Van Wyck Expressway

4 miles

This text is part of Parks’ Historical Signs Project and can be found posted within the park.

The Van Wyck Expressway, named for former Mayor Robert A. Van Wyck (1849-1918), was built to connect John F. Kennedy Airport (then called Idlewild) to several of the main east-west thoroughfares that run through Queens. Beginning at the intersection of the Whitestone Expressway and College Point Boulevard, near Flushing Bay, it runs north-south through Queens, and at the southern end in the JFK Airport, it twists through the terminal nucleus and turns into the JFK Expressway.

Robert A. Van Wyck was born in New York City in 1849. A graduate of Columbia Law School, he was elected to a judgeship on the City Court in 1889. Tammany Hall (the corrupt and dominant City political institution of the time) boss Richard Croker (1841-1922) nominated Van Wyck for Mayor in 1897, and assisted him in becoming the first mayor of Greater New York after consolidation in 1898. Several notable accomplishments took place during Van Wyck’s term in office. In 1899, he signed into law the renaming of Broadway north of Columbus Circle, which had previously been called Western Boulevard. On March 24 1900, Mayor Van Wyck broke ground in front of City Hall for the City’s first subway, which eventually would connect Brooklyn to Manhattan.

Van Wyck’s administration was decidedly under the Tammany Hall thumb that had elected him; his campaign slogan was “To Hell with Reform.” His years in office were marred by accusations that he accepted $500,000 of stock in the American Ice Company, though Governor Theodore Roosevelt (1858-1919) cleared him of any wrongdoing in 1900. Still, in the election of 1901, Van Wyck lost to the reform-minded Republican nominee Seth Low (1850-1916). Van Wyck died in Paris in 1918.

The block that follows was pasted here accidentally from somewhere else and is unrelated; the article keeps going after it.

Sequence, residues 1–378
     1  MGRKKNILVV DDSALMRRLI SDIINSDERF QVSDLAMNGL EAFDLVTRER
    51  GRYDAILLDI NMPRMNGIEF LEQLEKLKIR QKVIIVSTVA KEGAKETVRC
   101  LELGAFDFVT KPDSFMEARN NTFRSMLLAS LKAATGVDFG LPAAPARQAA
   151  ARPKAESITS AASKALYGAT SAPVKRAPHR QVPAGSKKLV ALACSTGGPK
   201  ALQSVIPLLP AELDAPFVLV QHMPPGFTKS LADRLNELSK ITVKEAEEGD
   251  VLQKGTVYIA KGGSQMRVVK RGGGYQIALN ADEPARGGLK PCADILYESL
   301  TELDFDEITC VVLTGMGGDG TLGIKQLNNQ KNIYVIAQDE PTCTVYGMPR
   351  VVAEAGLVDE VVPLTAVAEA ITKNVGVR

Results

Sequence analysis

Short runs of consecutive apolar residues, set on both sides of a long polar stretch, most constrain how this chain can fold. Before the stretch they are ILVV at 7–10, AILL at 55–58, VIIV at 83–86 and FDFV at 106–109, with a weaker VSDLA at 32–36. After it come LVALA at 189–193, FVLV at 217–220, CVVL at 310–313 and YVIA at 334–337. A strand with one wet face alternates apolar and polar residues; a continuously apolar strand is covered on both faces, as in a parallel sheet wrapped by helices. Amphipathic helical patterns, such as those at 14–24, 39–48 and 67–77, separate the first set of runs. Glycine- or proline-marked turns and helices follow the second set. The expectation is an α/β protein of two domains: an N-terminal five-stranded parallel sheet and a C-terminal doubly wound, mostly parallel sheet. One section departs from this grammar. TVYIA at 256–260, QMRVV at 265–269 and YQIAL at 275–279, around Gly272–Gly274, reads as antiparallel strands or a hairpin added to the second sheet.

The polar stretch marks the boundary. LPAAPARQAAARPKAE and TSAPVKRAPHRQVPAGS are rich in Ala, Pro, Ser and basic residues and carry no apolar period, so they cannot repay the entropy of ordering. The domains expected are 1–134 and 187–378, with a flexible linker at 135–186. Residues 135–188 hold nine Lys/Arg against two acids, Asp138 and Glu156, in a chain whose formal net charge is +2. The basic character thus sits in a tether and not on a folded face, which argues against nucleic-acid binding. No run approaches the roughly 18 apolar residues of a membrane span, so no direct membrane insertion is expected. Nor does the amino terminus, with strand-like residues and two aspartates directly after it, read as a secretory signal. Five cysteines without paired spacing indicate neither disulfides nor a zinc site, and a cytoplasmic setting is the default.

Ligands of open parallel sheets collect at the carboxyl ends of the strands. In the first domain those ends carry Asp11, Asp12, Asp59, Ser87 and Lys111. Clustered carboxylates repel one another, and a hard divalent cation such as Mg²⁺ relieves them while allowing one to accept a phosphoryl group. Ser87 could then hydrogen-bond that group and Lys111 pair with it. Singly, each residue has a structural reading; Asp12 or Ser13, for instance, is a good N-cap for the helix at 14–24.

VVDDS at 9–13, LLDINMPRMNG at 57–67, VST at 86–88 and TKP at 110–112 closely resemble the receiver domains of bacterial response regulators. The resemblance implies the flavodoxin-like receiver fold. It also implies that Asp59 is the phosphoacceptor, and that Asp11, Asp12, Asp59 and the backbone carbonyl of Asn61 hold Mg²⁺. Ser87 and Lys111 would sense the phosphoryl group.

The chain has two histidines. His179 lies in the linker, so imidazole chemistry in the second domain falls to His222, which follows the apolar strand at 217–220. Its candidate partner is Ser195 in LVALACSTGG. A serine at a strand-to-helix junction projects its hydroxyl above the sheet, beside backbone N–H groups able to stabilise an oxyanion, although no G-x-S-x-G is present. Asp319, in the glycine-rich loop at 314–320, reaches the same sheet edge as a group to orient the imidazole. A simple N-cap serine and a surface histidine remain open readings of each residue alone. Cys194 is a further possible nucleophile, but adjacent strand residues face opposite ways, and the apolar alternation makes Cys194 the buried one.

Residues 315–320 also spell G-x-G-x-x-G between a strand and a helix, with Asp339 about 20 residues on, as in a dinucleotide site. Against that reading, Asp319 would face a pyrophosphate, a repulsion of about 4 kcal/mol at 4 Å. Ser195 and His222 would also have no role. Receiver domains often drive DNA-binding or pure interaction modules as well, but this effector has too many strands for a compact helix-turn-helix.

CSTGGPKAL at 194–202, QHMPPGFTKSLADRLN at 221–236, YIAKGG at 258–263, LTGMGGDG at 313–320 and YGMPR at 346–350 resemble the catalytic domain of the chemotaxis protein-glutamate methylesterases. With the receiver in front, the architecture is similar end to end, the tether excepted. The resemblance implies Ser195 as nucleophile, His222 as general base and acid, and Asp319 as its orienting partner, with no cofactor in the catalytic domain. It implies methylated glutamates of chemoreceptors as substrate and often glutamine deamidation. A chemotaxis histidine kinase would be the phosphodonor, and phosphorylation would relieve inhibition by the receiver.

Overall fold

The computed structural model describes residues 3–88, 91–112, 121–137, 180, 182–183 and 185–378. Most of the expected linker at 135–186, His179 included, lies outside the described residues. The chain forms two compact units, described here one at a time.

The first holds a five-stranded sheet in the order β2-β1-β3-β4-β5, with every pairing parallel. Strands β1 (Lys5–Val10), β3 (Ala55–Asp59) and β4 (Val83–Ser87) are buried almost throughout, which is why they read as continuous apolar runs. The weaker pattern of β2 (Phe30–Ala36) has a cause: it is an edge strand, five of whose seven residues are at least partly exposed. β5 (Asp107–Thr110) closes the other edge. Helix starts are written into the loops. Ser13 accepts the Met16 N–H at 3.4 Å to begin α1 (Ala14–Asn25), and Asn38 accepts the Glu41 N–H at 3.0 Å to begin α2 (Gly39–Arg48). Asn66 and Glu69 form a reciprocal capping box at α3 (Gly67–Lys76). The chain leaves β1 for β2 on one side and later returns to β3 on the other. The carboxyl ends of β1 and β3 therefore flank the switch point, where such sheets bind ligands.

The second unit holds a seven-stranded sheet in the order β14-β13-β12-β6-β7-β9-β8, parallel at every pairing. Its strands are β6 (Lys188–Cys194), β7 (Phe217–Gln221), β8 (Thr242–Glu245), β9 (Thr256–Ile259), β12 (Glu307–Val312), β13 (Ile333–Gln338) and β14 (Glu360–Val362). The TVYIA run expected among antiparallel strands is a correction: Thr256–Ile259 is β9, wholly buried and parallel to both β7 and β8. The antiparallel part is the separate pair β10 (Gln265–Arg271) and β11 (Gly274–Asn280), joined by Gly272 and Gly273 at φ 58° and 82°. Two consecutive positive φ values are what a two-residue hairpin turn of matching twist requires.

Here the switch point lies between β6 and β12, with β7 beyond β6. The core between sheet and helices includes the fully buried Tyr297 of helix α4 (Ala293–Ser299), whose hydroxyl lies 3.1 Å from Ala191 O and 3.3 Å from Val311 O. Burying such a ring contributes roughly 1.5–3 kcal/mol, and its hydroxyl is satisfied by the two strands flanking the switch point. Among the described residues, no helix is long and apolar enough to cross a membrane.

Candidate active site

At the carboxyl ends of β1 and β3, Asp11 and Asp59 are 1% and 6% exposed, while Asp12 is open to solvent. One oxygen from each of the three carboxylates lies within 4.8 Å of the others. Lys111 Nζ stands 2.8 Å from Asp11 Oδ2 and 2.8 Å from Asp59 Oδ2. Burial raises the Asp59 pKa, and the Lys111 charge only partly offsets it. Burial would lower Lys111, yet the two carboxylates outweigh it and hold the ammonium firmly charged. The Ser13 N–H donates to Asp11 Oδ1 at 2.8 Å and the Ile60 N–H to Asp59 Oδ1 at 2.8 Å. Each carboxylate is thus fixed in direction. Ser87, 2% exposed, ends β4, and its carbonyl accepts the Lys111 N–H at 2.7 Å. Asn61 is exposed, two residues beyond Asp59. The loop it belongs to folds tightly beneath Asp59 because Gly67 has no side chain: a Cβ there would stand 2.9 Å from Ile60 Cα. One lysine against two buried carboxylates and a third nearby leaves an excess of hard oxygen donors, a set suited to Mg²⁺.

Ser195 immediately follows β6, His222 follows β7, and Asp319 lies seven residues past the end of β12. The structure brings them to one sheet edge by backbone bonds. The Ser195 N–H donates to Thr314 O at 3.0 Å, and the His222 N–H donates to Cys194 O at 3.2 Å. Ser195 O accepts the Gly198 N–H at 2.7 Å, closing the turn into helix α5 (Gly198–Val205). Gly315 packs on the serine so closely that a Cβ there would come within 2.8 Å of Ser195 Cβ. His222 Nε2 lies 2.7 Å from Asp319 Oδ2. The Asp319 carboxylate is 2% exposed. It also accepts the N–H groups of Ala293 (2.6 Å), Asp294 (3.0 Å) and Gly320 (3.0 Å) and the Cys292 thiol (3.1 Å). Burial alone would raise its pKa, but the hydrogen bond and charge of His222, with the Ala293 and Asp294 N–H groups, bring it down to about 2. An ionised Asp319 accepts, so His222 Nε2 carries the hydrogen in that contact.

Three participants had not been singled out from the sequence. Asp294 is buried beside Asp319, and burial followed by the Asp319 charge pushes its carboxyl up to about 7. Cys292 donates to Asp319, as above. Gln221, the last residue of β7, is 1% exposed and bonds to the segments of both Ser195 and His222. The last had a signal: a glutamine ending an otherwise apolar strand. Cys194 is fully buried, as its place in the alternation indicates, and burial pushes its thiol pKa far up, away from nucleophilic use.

The Van Wyck Expressway was built in large part to relieve traffic congestion at the entrance of the Municipal Airport at Idlewood, now JFK. Before World War II (1939-1945), traffic and housing development in the area had not hampered convenient access to the airport. However, 1945 saw the return of many servicemen who contributed to a boom in housing development in the region, and this inevitably led to traffic congestion around the airport. As a result, Queens Borough President James A. Burke and Arterial Coordinator Robert Moses (1888-1981) faced a major project of moving homes and relocating tenants when planning the Van Wyck Expressway.

The City obtained the land for the expressway on March 6, 1946, and planned to build a 3.2 mile long highway with 9.345 acres of parklands and public spaces. The expressway cost approximately $30 million, paid with State and Federal funds. Five parks were built at that time in conjunction with the expressway, including those now known as Norelli-Hargreaves Playground, Dr. Charles R. Drew Memorial Park, Marshal Foch Plaza, and Playground 140. Initial construction of the Van Wyck Expressway (I-678) was completed in 1950, and the roadway was officially opened on October 14 of that year.

One of the most challenging aspects of the Van Wyck Expressway’s construction was how to run the road through the Long Island Rail Road switching yards and terminal in Jamaica, Queens. That area was the site of one of the world’s busiest commuter railroad junctions, with 1,100 commuter trains running through each day. Robert Moses and his engineers worked around the problem by literally lifting the railroad yards into the air and building the expressway underneath, with trains remaining in full service for the seven months of construction. In December 1949, the City obtained another tract of land between the Grand Central Parkway and Queens Boulevard, which enabled developers to build three additional parks and one additional public space.

Every day approximately 110,000 vehicles travel along the Expressway from the Whitestone Expressway to the interchange in Kew Gardens. From that interchange to the John F. Kennedy Airport, the estimate of 160,000 vehicles daily gives testament to the road’s popularity and function.

Saturday, Dec 01, 2001

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